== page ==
Kaspersky's AV accidentally identified the Windows Explorer process as malware. The same thing happened to Symantec with their Asian Language Windows customers. And Heise is running an article on how AV vendors' ability to protect has decreased since last year.
The problem with these commercial, signature-based, anti-malware solutions is that they work 1) Backwards, and 2) Blind. They operate "backwards" in the sense that they are a default-allow (instead of default-deny) mechanism-- they only block (unless they screw up like this) the stuff they know all of their customers will think is bad. And they operate "blind" in that they don't do any QA on their code in your environment. If you think about it, it's scary: they apply multiple (potentially crippling as evidenced by these recent events) changes to production systems, in most organizations several times per day without proper change control processes. Besides anti-malware, what other enterprise applications operate in such a six-shooters-blazing, wild west cowboy sort of way?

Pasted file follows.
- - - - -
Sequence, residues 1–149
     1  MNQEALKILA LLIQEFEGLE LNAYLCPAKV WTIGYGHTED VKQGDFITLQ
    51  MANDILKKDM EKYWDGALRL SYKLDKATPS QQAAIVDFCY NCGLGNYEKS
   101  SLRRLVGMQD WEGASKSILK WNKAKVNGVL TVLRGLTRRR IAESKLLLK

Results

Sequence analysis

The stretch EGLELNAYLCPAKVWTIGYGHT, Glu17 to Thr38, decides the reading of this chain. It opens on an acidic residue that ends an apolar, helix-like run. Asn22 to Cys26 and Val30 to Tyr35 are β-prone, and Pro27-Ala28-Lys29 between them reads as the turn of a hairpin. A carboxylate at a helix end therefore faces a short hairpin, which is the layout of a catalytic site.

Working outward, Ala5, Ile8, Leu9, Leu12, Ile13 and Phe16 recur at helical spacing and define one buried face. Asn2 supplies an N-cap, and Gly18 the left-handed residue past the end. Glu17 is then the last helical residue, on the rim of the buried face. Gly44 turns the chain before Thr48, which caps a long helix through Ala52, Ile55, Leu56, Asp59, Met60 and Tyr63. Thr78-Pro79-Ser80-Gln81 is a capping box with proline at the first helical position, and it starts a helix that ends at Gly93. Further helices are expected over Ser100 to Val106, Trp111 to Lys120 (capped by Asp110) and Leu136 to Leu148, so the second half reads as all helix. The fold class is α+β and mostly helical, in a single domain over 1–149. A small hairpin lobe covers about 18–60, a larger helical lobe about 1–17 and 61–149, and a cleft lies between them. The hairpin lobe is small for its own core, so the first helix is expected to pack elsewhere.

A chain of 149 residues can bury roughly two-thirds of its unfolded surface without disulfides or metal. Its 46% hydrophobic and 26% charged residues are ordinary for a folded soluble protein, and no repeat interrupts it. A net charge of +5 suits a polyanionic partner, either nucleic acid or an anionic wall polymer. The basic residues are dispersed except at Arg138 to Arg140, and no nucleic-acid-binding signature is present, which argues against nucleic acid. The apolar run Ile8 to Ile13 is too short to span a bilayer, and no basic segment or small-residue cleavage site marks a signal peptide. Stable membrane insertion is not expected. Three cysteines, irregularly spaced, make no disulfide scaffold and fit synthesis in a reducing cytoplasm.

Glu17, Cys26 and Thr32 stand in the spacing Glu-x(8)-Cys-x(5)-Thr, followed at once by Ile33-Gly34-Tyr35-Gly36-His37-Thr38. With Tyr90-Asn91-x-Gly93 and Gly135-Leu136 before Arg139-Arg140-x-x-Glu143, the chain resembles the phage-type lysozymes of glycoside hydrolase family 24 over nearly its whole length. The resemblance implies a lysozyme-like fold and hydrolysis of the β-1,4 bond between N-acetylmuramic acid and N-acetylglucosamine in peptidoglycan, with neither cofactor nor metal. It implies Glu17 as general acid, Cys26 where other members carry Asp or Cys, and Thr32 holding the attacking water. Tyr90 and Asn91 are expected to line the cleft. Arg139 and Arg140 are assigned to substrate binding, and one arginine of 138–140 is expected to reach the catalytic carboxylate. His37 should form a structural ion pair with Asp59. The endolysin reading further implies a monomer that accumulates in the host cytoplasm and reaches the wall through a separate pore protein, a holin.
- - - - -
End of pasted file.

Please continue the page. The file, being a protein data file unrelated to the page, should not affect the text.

Surely this is one more nail in the signature-based anti-malware coffin.